The key flavor ingredient here, pomegranate molasses, is an intensely fruitful and tart syrup with the dense viscosity of, well . . . molasses. Used primarily in savory dishes in Persian and Turkish cuisines, it's finding greater uses in Western kitchens with the rise in popularity and availability of all things pomegranate. On Oahu, your best source for pomegranate molasses is India Market, near the University. Elsewhere, check a Turkish or Middle Eastern dry goods store, or your local health food store.
Sea grasses of all kinds, including the limu ogo we use here, are ubiquitous in Hawaii. You find it in salads, soups, pokes (POH-kays), and as a raw ingredient by the bagful in many supermarkets. Among the diverse Asian population here, consuming sea grass is par for the course. US and other Western populations are also discovering sea grasses, lured by their "superfood" status for their high nutritional and mineral content, and low calorie load. I hope we begin to see sea grasses also more widely available and utilized in innovative ways. We had a bag of fresh ogo on hand, so I wanted to include that in this presentation. We actually made this meal when my dad was visiting last month, and sea grasses were one of the top foods in the list of low-purine foods for his gout-management diet.
Fresh ogo appears dark brown or reddish-brown (photo at left), when raw. After blanching, it turns a bright forest green. Although blanching is not necessary when using ogo as a salad or with other seafood preparations, since we were pairing it with some non-traditional flavors I wanted to reduce its normal brininess just a tad. The brief hot shower did no damage to the ogo's pleasing crunch — a surprising contrast to the firm texture of the fish. The pomegranate and ogo complimented each other well — the sea grass absorbed the punchy, mineral flavors of the pomegranate and Manuka honey and delivered them intact to the fish. We will try this combination again.
KAJIKI WITH POMEGRANATE-OGO
For the Fish:
2 4 oz. (120g) skinless fillets of kajiki, ahi, or other firm-fleshed fish
1/2 tsp. cumin powder
1/2 tsp. coriander powder
ground black pepper
Combine cumin and coriander powders, and gently massage or rub into fish. Set aside for at least 30 minutes.
For the Ogo:
Take one large fist-ful of raw ogo and place in colander. Rinse well. Bring 4 cups of water to a hard boil, then pour over ogo in colander. Shake and drain well, then rinse with cold water. Leave to dry while you prepare the dressing.
For the Sauce and Dressing:
(adapted from Laurie's Mediterranean Cooking in Alaska)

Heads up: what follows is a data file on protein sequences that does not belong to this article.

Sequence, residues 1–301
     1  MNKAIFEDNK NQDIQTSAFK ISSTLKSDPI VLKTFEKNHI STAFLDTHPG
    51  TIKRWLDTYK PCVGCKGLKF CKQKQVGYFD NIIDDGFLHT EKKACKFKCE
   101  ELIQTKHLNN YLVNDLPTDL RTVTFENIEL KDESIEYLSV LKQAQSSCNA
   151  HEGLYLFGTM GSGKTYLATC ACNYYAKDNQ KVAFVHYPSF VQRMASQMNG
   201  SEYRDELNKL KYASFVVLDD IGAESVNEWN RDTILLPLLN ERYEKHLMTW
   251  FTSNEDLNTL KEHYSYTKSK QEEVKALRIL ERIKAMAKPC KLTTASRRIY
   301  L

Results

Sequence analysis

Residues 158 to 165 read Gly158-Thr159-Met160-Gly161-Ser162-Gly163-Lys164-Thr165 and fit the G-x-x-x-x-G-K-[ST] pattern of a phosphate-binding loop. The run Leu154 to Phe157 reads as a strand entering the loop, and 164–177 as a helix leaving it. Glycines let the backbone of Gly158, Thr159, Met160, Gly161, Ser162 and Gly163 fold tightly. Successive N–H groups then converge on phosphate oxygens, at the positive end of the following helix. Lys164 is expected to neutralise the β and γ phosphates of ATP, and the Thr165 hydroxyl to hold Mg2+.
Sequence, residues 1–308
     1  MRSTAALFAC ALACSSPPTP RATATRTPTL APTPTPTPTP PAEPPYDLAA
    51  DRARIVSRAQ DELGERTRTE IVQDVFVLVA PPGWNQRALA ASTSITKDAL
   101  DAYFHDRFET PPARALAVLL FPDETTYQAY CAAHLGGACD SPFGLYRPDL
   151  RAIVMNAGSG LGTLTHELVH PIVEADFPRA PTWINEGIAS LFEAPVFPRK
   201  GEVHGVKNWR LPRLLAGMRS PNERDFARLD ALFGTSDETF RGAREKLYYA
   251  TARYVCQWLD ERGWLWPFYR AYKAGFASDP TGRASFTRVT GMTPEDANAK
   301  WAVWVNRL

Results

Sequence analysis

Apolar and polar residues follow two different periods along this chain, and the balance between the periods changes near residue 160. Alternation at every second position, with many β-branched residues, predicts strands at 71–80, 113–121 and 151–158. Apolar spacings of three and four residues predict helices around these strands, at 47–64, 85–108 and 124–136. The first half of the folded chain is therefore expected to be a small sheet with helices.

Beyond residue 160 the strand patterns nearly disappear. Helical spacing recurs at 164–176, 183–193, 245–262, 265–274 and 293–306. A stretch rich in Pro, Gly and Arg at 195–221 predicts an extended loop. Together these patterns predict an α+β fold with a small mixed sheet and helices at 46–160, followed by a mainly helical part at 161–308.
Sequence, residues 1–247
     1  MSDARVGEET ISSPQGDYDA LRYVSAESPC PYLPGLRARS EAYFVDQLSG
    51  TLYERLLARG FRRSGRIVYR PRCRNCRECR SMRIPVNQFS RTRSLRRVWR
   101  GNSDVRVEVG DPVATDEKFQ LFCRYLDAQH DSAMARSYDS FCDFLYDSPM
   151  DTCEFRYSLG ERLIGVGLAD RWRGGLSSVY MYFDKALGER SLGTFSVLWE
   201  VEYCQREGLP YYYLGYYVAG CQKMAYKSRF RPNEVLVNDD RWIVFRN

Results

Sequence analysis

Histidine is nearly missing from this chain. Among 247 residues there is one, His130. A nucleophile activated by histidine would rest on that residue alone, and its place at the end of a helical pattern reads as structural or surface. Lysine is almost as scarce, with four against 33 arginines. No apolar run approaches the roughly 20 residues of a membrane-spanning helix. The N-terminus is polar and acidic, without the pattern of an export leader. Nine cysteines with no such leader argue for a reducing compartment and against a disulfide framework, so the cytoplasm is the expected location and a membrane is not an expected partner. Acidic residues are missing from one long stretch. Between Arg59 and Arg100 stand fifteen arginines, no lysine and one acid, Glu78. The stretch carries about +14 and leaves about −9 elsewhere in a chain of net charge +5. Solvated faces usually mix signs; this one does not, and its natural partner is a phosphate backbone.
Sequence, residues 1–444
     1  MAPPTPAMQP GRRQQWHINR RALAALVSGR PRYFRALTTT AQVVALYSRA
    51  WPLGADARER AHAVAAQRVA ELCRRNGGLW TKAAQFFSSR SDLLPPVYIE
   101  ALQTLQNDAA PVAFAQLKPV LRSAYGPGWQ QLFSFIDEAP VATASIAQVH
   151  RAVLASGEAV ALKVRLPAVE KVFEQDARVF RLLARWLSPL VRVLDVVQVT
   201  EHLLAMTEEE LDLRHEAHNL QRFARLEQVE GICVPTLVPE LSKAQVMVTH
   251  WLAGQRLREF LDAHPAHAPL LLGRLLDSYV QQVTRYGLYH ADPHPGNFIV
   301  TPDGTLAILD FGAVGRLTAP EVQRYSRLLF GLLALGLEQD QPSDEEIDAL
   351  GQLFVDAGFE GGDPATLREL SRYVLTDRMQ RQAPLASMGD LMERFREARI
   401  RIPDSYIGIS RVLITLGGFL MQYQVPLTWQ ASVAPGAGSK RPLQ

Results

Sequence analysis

4 cloves garlic, minced
1/4 cup dry white wine
1/2 tsp. coriander powder
1/2 tsp. Aleppo pepper
1-1/2 TBL. pomegranate molasses
1-1/2 TBL. Manuka or other non-flowery honey (raw honey, if watching your gout)
sea salt, to taste
1 TBL. red wine or raspberry vinegar
1-2 TBL. olive oil
sea salt, to taste
In a small saucepan set over low heat, sweat garlic in oil until softened, about 5-7 minutes. Add wine, and turn heat up to medium-high. Add coriander and pepper, and cook until spices are fragrant and alcohol has burned off, about 1 minute. Add molasses, honey and sea salt, and stir through. Cook together for about 1 minute.
Remove 2 TBL. of sauce to a small mixing bowl and whisk in vinegar and oil. Taste and correct for salt. Using kitchen shears, cut ogo into 2-inch pieces. Add to dressing and mix well. Set aside.
Heat skillet with 2 TBL. oil over high heat. Salt fish fillets, then immediately add to pan, salted side down. When fillets release from pan, turn them over and reduce heat to medium. Cook until flesh will flake with a fork (or until desired doneness — if using ahi or wahoo, some people may prefer to leave the center sashimi-esque, like the Ahi with Peppercorns).
For service, spoon a pool of sauce on the plate and place a fillet in the center. Top with the dressed ogo, and serve with smashed potatoes and roasted broccoli.
For a gout-management diet, be certain to use skinless fillets and raw honey for the fish, and serve with whole roasted or smashed potatoes (i.e., with the skin on). This will be included in the GDC round-up.
One of the hundreds of great things about living in Hawaii is the access to simple and quick healthy meals that only require a pot of home-cooked hot rice and a few minutes of skillet time. Misoyaki Butterfish fillets are available in almost every grocery, pre-marinated in a boozy miso-laced sake marinade that permeates the flaky silken butterfish, aka black cod or sablefish. Served with deli-made sea salad (sesame sea grass) or marinated warabi (fiddlehead) greens, as pictured above, misoyaki butterfish brings fine dining home. (The fish above and below were from purchased, pre-marinated filets.)